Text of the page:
By Megan Briggs | (Source)
Arthur Brooks, a Harvard professor and former president of the conservative think tank American Enterprise Institute (AEI), delivered a timely speech at this year’s National Prayer Breakfast in Washington, D.C. on February 6, 2020. Brooks, who introduced himself “first and foremost a follower of Jesus,” focused on the words of Jesus which encourages compassion toward one’s enemies–political or otherwise. Brooks’ remarks, while seemingly perfect for a bipartisan event such as the National Prayer Breakfast, were overshadowed by President Trump’s remarks immediately following.
Brooks said he was going to talk about “the biggest crisis facing our nation and many other nations today” and proceeded to address the “crisis of contempt and polarization” that is “tearing our society apart.”
However, Brooks kept his speech positive, saying he believes that within the crisis “resides the greatest opportunity we have ever had as people of faith to lift our nations up and bring our people together.”
Calling Jesus “history’s greatest social entrepreneur,” Brooks spoke on Matthew 5:44, where Jesus told us to love our enemies and pray for those who persecute us. Brooks said This thinking changed the world 2,000 years ago, and it’s as “subversive and counter-intuitive today as it was then.”
The professor and author then went on to describe how this advice might play out practically, especially in the divisive world of politics and partisan leadership. Brooks suggested making the issue personal. He gave an example from his own life. Brooks is from Seattle, a city he acknowledges is very liberal. His parents were good, moral people who led him into a personal faith in Jesus Christ; they were also liberal like most other people living in Seattle. Brooks says this experience helps him refrain from vilifying liberals as evil and stupid. He also emphasized that we can really only persuade other people to join our thinking with love, not argument.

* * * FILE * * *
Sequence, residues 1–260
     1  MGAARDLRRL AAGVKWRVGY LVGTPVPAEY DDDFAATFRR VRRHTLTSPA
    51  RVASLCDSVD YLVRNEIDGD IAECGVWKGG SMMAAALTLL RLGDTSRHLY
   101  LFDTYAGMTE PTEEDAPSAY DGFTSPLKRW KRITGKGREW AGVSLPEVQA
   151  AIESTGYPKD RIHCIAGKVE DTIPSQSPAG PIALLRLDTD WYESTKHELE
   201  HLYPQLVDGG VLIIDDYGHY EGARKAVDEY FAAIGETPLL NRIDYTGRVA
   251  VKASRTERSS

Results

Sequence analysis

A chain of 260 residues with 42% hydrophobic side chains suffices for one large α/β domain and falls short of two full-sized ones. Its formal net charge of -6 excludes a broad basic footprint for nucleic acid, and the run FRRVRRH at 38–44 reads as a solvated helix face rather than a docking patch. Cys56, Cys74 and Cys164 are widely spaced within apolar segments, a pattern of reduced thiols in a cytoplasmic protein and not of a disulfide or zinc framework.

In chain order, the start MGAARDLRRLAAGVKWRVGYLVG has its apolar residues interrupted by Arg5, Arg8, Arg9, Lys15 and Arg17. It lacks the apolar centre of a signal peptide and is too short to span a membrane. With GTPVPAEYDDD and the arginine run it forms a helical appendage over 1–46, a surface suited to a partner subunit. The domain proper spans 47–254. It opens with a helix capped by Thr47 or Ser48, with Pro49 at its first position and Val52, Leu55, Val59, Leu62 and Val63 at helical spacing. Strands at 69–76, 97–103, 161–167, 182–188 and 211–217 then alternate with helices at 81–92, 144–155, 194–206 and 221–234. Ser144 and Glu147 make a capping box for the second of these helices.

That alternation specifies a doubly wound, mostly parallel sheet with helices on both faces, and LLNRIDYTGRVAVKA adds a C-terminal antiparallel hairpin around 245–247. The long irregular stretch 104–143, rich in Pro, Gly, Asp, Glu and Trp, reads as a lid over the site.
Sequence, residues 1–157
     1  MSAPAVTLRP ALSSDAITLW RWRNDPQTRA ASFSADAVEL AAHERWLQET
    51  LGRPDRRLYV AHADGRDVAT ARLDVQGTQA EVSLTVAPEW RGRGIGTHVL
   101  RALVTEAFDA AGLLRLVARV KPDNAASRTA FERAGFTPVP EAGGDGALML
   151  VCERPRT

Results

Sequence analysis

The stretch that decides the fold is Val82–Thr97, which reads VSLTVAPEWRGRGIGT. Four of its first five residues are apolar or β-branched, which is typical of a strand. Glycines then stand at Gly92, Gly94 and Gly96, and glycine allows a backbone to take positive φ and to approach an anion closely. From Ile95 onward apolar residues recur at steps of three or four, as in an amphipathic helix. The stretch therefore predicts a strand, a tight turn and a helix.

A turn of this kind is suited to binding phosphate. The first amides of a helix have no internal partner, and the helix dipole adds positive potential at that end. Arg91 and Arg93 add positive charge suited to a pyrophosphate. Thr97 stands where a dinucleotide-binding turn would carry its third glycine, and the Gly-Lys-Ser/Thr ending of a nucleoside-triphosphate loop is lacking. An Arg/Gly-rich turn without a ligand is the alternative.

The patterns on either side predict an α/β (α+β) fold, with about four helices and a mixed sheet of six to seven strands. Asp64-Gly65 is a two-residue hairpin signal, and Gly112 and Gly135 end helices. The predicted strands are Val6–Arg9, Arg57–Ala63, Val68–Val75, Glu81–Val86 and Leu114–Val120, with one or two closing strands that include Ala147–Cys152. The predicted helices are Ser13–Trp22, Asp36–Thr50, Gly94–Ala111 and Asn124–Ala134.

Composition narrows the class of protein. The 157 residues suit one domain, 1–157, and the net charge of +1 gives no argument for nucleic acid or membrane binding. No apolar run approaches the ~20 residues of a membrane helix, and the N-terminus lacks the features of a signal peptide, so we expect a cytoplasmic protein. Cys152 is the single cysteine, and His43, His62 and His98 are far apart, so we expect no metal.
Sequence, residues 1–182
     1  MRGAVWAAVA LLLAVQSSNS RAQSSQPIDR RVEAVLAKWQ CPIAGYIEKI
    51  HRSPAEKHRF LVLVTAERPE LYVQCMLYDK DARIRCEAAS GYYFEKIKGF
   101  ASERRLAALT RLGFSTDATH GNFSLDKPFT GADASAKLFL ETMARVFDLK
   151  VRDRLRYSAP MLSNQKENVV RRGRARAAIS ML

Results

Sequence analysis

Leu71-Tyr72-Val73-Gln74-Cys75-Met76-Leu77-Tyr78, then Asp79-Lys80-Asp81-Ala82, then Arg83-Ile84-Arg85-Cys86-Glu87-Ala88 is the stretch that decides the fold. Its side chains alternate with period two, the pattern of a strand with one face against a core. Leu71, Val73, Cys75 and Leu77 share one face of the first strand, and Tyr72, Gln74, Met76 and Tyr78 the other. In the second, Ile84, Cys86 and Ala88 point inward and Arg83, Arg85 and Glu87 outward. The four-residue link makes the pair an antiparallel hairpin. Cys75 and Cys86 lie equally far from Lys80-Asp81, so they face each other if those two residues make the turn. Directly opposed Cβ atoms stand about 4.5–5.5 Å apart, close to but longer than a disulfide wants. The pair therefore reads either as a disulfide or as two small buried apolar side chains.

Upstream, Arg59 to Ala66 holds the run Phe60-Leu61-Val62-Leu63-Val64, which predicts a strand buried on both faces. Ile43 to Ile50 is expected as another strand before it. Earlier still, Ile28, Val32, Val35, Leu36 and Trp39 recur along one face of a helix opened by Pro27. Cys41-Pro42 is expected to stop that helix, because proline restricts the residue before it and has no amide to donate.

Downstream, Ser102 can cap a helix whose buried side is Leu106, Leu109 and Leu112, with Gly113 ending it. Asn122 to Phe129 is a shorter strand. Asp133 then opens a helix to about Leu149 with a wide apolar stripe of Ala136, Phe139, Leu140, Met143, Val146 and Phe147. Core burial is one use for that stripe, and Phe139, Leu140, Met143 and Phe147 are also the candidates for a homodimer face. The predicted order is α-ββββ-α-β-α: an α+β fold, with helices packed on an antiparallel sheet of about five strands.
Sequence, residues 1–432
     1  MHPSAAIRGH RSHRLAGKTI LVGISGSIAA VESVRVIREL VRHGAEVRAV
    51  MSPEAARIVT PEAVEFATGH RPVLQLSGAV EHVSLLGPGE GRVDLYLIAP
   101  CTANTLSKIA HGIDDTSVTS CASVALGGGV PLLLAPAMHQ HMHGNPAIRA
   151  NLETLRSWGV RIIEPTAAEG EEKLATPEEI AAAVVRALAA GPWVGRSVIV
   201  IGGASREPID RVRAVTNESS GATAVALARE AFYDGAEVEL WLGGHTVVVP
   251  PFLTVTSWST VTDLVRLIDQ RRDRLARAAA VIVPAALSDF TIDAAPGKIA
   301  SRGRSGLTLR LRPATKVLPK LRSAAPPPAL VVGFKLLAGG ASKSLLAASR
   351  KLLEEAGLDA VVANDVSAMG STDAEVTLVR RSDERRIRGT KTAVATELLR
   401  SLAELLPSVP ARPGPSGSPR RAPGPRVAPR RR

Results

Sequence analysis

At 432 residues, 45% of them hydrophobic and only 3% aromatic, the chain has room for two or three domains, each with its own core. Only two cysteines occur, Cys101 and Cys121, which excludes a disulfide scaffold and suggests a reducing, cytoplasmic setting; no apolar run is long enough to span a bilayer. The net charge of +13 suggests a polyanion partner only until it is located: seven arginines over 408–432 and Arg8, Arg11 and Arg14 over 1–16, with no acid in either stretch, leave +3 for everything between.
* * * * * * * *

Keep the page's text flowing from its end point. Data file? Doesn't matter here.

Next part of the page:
“How many of you love somebody with whom you disagree politically?” Brooks asked the group of politicians. Raising his own hand, Brooks indicated they all should raise their hands if they do love such a person. At this point, President Trump, who was sitting to Brooks’ right side and in the camera shot, didn’t raise his. Brooks then said that moral courage isn’t necessarily standing up to your enemies or the people who disagree with you. Rather, it is standing up to the people with whom you agree on behalf of those with whom you disagree. “Can you do it? Are you up for it?” he asked the room.
One of the main points Brooks made is that anger is not the problem–contempt is. Quoting 19th-century philosopher Arthur Schopenhauer, Brooks defined contempt as “the unsullied conviction of the worthlessness of another.” When we treat each other this way, Brooks argued, this is what makes our disagreements “so bitter” and causes us to feel cooperation is “nearly impossible.”
Some say we need more civility and tolerance. “Nonsense,” Brooks said. “Jesus in the Gospel of Matthew didn’t say tolerate your enemies, he said love your enemies.” But how are we to do this in our day and age?
Brooks Gave three pieces of “homework” to those in attendance:
- Ask God to give you the strength to do this hard thing of loving your enemies. Brooks said this would require going against your own human nature.
- Make a commitment to someone else to reject contempt. Brooks said rejecting contempt doesn’t look like setting aside disagreement. Rather, disagreement is good–in fact, “what makes America great is the competition of ideas, that’s part of democracy.” But Brooks called on the politicians to disagree without contempt. Ask someone to hold you accountable, he advised. Public leaders, for instance, could make this commitment publicly.
- Go out looking for contempt and turn it on its head. This is how we will change the country, Brooks explains. Think like a missionary, Brooks admonished the group. Go out looking for opportunities to show love to people who disagree with you and who show you contempt. Additionally, if you can’t find contempt, you need a wider circle of friends, as “you’re in an echo chamber,” Brooks said.
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